Railroads & Locomotives History Train fans: Born at the wrong time

Train fans: Born at the wrong time

By David Lustig | May 19, 2024

Thanks to forward thinking conservationists and enthusiastic followers, railroading can transcend you back to yesterday

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Train fans

steam engine in snowy landscape
David Lustig

In every generation of train fans, there are those among us that feel they should have been born a decade, or perhaps even a generation, earlier so they could have witnessed railroading now gone and buried.

Whether it be a particular branch line, an entire railroad, first-generation diesels, steam, or anything else dear to the heart, there is a wish we could have experienced it. Fortunately, there are pockets of yesterday, thanks to museums, historical societies, and government-sponsored conservation groups that still flourish around the country.

Two examples of many throughout the country would be in rural Colorado and New Mexico — namely the still-intact segments of the Denver & Rio Grande Western narrow-gauge empire that helped civilization conquer the Rocky Mountains. When its locomotives are hot and its rails shiny, they are doppelgangers of  what was once the economic backbone of the area’s transportation.

Thanks to the people who maintain these railroads, we can easily experience a time when interstate highways didn’t exist, diesels were a competitor not a conqueror, and all the things that have made living today so comparatively easy had yet to be born.

Any time you visit the area is a good time, but for me, the most enjoyable always seems to be winter. Yes, it’s cold, there is sometimes more snow than I might want, and activity is curtailed compared to the warmer months. But still it remains my favorite.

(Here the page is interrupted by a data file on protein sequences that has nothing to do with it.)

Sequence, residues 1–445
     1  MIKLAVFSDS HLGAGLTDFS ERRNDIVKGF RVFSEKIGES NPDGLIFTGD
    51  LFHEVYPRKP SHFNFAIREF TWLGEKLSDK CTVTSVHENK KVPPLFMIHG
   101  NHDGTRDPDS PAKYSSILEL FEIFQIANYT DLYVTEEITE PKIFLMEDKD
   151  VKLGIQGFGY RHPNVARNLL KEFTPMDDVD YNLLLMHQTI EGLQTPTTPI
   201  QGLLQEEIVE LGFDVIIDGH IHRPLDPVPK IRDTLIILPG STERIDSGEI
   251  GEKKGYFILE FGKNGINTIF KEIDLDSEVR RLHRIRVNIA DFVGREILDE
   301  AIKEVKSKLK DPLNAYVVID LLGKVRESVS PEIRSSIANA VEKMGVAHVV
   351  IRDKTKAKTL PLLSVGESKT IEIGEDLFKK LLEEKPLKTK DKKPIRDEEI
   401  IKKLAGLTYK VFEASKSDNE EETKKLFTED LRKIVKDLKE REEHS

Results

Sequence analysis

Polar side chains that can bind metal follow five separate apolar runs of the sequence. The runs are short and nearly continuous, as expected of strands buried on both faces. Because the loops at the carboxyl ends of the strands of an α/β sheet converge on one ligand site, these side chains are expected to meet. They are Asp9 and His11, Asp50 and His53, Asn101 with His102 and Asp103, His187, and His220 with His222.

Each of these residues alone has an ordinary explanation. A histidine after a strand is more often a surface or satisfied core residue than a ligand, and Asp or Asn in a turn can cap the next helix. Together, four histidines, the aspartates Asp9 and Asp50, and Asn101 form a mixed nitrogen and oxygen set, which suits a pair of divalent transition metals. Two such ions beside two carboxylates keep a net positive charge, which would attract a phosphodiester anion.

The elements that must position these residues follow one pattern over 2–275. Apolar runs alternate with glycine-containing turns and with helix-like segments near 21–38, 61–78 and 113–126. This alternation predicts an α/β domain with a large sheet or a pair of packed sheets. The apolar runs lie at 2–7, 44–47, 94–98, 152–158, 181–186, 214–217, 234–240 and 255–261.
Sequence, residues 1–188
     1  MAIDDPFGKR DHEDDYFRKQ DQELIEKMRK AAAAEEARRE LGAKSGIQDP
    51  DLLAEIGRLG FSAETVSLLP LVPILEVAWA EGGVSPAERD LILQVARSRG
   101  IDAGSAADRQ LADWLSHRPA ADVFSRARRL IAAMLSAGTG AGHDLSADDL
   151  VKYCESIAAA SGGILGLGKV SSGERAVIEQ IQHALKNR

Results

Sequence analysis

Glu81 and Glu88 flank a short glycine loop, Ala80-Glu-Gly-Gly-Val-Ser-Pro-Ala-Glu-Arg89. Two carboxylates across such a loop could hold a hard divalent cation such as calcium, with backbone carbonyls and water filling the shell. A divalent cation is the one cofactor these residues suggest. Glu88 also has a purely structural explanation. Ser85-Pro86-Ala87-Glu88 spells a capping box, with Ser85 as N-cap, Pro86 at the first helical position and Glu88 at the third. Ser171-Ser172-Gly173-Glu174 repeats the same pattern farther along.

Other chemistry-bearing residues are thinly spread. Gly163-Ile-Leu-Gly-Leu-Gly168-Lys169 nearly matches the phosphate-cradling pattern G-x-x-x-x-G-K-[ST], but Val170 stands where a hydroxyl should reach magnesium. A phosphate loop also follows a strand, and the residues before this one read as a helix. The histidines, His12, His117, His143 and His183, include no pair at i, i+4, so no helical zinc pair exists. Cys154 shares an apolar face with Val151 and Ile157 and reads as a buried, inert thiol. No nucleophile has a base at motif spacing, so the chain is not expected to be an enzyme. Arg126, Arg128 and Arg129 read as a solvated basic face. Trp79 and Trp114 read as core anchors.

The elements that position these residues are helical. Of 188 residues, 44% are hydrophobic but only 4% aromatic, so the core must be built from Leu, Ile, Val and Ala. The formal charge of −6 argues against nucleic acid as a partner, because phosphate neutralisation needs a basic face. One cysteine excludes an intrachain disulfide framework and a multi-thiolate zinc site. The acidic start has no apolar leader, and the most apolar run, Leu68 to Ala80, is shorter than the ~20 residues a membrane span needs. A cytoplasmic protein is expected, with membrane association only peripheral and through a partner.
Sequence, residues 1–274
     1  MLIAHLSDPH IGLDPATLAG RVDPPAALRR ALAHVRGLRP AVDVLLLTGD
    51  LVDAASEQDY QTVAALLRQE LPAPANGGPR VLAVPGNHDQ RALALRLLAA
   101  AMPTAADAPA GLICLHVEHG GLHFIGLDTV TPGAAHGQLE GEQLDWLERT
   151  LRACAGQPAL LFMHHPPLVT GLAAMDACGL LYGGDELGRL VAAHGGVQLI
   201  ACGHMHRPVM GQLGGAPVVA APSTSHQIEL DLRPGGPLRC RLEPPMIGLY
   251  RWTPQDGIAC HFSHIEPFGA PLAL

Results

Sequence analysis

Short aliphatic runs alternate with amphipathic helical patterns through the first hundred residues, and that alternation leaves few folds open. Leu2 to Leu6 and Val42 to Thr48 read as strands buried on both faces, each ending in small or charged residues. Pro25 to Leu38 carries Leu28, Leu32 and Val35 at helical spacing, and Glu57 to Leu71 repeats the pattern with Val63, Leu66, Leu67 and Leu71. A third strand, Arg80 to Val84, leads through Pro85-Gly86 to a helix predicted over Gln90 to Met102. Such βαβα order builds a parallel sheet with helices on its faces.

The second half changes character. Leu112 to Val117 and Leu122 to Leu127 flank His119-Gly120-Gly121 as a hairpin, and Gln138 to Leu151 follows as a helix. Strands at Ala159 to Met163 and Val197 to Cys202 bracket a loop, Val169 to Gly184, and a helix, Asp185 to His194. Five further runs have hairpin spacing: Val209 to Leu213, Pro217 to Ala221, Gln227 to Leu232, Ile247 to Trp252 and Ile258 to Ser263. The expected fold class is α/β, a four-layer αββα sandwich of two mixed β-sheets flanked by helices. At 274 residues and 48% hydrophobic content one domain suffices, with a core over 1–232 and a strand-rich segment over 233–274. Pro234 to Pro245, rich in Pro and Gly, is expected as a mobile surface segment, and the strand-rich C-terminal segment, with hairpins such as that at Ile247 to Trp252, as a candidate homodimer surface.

Once outside the outposts of civilization, it quickly becomes evident that except for paved roads, there are many stretches of countryside that haven’t changed since the 1880s. The scenery, the weather, the winds, the wild animal life — seemingly nothing has changed. And as your feet crunch the snow, it becomes eminently obvious you are pretty much alone, just like 150-odd years ago.

Then, to your delight, the reason you have traveled here makes its presence known. A living, breathing steam engine and train comes into view, its crew keeping warm in the cab, as it begins its morning chores in making up its train. Yes, it’s a tourist train, or a photo freight, but somehow it doesn’t matter. It is alive and working, and you are there to watch it, photograph it, and become enveloped by it.

The point? It’s an individual one, but sometimes when the circumstances are just right, there is a slight wind rustling through the trees, or a scampering animal runs off after being startled, yesterday, a long time ago, is alive and real.

And you are there.

several units on tracks in snow with steam coming up
David Lustig

One thought on “Train fans: Born at the wrong time

  1. Wow! You hit the nail right on the head! It’s ok to sentimentalize and feel nostalgic for a time before own. But there’s a better way than scrolling sites on our devices. Taking steps to appreciate and enjoy these pockets of railroad history that survive by the dedication and hard work of like minded Railfans is the best way forward. Plan that vacation, meet those people, keep it all alive for the next generation, because they will need it too.

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